IFS says inheritance tax could cost £15bn a year

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IFS says inheritance tax could cost £15bn a year

The Institute for Fiscal Studies said scrapping inheritance tax would cost the government almost 15bn a year in lost revenue by 2032, which is the equivalent of the main tax on inherited wealth to be abolished.

The HMRC figures show a fewer than 4% of estates paid inheritance tax in 2020-21 but the rapid growth in wealth among older individuals meant this number was set to rise to more than 7% over the next decade.

Although London has the most estates liable to pay taxes, hotspots across Sussex, the Cotswolds and surrounding Birmingham will have the greatest number of residences per 100,000 residents.

In 2024, the wealthiest fifth of donors will bequeath an average of £380,000 per child, and pay inheritance tax of about 10% of this amount, the IFS report said.

The least wealthy fifth of parents, however, will leave less than £2,000 a year for their children.

If the money bequeathed by inheritances were to be equally shared between all of the 25-year-olds, each would receive about £120,000.

Rishi Sunak is believed to be considering a inheritance tax cut as he tries to woo voters and create clear dividing lines with Labour.

Although there has been no evidence of a plan to abolish the tax, calls for reforms that allow households to pass on more of their assets are rising in the conservative party.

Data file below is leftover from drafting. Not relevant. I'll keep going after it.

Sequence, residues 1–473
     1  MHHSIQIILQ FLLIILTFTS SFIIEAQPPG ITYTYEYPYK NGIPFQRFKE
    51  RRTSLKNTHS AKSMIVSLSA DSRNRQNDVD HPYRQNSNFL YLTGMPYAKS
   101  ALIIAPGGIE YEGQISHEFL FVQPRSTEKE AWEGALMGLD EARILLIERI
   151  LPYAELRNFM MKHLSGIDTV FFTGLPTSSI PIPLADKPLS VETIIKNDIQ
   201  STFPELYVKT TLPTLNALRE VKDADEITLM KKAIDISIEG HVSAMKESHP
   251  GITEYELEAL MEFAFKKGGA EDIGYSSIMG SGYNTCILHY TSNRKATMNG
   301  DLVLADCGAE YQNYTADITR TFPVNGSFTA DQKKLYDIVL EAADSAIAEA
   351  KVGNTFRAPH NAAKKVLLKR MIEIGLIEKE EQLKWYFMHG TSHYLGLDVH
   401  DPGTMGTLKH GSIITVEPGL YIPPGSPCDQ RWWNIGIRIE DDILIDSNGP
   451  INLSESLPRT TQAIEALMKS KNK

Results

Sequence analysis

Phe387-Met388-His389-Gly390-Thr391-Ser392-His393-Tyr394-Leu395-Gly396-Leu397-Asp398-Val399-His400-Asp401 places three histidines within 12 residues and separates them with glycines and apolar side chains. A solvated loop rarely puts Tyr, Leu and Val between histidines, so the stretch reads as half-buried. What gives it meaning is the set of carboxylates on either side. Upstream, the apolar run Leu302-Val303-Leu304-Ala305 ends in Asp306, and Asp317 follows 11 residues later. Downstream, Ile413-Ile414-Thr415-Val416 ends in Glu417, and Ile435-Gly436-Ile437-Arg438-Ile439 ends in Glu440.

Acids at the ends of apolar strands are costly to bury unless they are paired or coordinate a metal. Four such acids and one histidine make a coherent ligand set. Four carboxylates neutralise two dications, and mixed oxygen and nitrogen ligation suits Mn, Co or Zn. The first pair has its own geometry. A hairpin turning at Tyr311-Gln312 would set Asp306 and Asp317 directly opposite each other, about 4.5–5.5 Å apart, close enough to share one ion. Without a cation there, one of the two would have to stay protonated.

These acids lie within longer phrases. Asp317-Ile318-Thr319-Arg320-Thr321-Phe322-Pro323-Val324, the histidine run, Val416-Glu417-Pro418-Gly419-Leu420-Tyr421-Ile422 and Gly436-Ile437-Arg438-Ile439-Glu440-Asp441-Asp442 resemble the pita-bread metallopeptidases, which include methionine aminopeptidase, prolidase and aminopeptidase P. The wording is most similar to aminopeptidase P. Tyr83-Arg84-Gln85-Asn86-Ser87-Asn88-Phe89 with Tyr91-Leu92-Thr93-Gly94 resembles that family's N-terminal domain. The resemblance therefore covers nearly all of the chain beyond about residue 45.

Anthony Browne, a Tory MP for South Cambridgeshire, said he was worried that without reform, many middle-income households would pay large sums while the super rich used trusts and other loopholes to avoid paying the tax.

The tax on wealth over £325,000 is calculated at 40%, with an income tax of 40 per cent. If a person passes a gift to children or grandchildren or spouses, they have an extra £55,000 allowance toward their main residence, which is transferred to their spouses. The income tax-free option allows a married couple to distribute a seven-figure sum tax-free.

Sunak's proposals for the 40 percent rate to be reduced are understandable,paving the way to abolish it in future years.

The IFS said the cost of abolishing IHT would be £5bn if implemented this year, with about half of the benefit going to people with estates of £2.1m or more at death. The average tax cut of an estimated £1.1m would benefit 1% of estates.

The report said that working-age generations were a critical part of the nation's economy.